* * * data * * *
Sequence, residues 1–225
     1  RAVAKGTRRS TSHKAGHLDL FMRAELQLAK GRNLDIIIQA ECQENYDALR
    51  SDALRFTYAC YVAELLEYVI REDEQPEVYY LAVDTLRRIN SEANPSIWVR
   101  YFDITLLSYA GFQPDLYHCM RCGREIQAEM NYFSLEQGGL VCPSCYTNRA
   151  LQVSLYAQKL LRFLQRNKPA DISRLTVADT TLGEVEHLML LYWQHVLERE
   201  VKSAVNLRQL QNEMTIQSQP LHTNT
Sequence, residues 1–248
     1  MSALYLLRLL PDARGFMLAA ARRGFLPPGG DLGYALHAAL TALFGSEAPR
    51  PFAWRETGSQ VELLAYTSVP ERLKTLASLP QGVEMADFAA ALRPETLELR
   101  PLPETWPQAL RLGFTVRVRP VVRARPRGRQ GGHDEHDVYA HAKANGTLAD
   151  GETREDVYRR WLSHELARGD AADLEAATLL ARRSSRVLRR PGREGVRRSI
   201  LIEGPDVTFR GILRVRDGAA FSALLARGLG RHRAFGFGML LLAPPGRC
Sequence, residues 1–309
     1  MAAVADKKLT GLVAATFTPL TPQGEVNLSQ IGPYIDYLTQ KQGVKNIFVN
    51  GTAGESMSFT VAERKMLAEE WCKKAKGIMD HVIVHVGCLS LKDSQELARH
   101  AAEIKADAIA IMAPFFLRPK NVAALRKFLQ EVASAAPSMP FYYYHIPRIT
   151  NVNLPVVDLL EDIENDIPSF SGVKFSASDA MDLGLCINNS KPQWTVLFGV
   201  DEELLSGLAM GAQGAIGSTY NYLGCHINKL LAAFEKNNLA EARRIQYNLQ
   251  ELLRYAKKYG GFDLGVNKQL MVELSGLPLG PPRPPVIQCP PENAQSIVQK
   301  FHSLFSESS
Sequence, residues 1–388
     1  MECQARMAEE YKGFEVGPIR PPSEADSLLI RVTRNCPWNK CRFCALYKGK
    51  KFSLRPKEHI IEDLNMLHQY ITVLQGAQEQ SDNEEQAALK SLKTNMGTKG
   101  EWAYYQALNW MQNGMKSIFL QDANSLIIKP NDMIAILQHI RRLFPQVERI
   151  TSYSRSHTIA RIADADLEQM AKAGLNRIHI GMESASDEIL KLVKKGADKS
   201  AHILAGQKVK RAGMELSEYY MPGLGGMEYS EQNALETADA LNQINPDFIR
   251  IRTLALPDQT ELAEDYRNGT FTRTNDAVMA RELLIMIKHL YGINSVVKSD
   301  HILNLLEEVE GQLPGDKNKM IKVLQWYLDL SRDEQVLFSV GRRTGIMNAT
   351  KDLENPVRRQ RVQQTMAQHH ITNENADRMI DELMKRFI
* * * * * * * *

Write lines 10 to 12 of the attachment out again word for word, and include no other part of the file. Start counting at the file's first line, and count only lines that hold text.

   101  PLPETWPQAL RLGFTVRVRP VVRARPRGRQ GGHDEHDVYA HAKANGTLAD
   151  GETREDVYRR WLSHELARGD AADLEAATLL ARRSSRVLRR PGREGVRRSI
   201  LIEGPDVTFR GILRVRDGAA FSALLARGLG RHRAFGFGML LLAPPGRC